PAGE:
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When the Latter-day Saints come marching in
A lot on his plates
All in the family
In 1969, Gretchen Patterson was a senior in college when she converted. “When I was investigating the church I almost didn’t join because of the issue of black people,” she says. Her best friend since kindergarten was African American. “I just thought, ‘How could a church that professes such love say that black people couldn’t hold the priesthood?’” Under church teaching, African Americans could be baptized into the church but, unlike white males—who automatically join the priesthood when they turn 12—they could not enter the priesthood or the temple.
This teaching apparently sprang from a verse in the Book of Mormon, in the second book of Nephi, chapter 5, which details the plight of those that turned away from God’s teachings, and as a result were cut off from his presence. “[W]herefore as they were white, and exceedingly fair and delightsome, that they might not be enticing unto my people the Lord God did cause a skin of blackness to come upon them.”
The priesthood ban became something of a sore spot during the civil rights era and, like polygamy, threatened if not its survival, then the church’s proliferation, so that in 1978, LDS President Spencer W. Kimball beseeched the Lord. Soon, word came back that the Heavenly Father had extended the priesthood and temple blessings to all worthy male members of the Church. Patterson remembers it well, as she and her husband we’re driving home from work when the announcement came over the radio. “We almost had a car accident,” she says, describing her reaction as an emotional release. “The tears just came and I just knew that it was right and it was wonderful, and there were people in Africa that had been praying so hard for this, they wanted to be members of the church.” Indeed, according to a recent Washington Post piece, the Mormon Church says it now has more than 250,000 members in Africa, including almost 80,000 in Nigeria.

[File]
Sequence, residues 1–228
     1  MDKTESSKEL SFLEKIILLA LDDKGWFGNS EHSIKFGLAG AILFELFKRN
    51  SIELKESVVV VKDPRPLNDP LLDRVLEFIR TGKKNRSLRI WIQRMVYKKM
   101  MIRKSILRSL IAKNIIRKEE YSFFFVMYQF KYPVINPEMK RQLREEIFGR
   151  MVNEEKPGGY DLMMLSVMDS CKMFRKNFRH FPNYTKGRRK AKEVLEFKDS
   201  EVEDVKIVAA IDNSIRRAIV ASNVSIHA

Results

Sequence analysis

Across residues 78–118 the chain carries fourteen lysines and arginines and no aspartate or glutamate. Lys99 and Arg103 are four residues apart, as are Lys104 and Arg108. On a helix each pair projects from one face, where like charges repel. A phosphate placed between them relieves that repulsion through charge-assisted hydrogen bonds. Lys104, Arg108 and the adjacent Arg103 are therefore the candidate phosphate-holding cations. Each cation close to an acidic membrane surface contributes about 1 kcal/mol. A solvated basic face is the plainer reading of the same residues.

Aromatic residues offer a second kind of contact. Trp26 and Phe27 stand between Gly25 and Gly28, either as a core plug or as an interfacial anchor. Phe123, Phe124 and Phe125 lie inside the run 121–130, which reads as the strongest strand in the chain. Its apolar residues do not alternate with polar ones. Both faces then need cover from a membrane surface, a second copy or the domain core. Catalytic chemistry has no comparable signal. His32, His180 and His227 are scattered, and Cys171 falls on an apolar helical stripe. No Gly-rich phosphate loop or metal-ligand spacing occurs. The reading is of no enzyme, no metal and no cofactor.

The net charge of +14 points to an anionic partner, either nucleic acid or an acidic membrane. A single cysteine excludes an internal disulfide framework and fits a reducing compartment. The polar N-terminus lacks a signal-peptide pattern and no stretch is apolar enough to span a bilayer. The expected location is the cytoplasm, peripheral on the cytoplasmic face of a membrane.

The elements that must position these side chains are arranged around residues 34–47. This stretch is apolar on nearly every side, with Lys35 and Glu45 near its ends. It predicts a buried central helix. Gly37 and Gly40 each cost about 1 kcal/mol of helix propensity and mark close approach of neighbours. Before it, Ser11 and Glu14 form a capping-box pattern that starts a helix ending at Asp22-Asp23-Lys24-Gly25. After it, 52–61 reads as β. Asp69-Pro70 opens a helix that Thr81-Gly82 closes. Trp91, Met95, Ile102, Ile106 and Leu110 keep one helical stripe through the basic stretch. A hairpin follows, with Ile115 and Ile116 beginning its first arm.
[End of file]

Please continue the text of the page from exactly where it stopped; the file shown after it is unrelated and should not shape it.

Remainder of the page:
Still, as the priesthood repeal is less than 30 years old, the stigma can be hard to shake. “That we’re somehow underlyingly racist is a misconception at times,” says First Ward Bishop Victor Morris. “We believe that the gospel at times has been limited to certain groups, with really no explanation as to why, but it’s eventually been opened up.”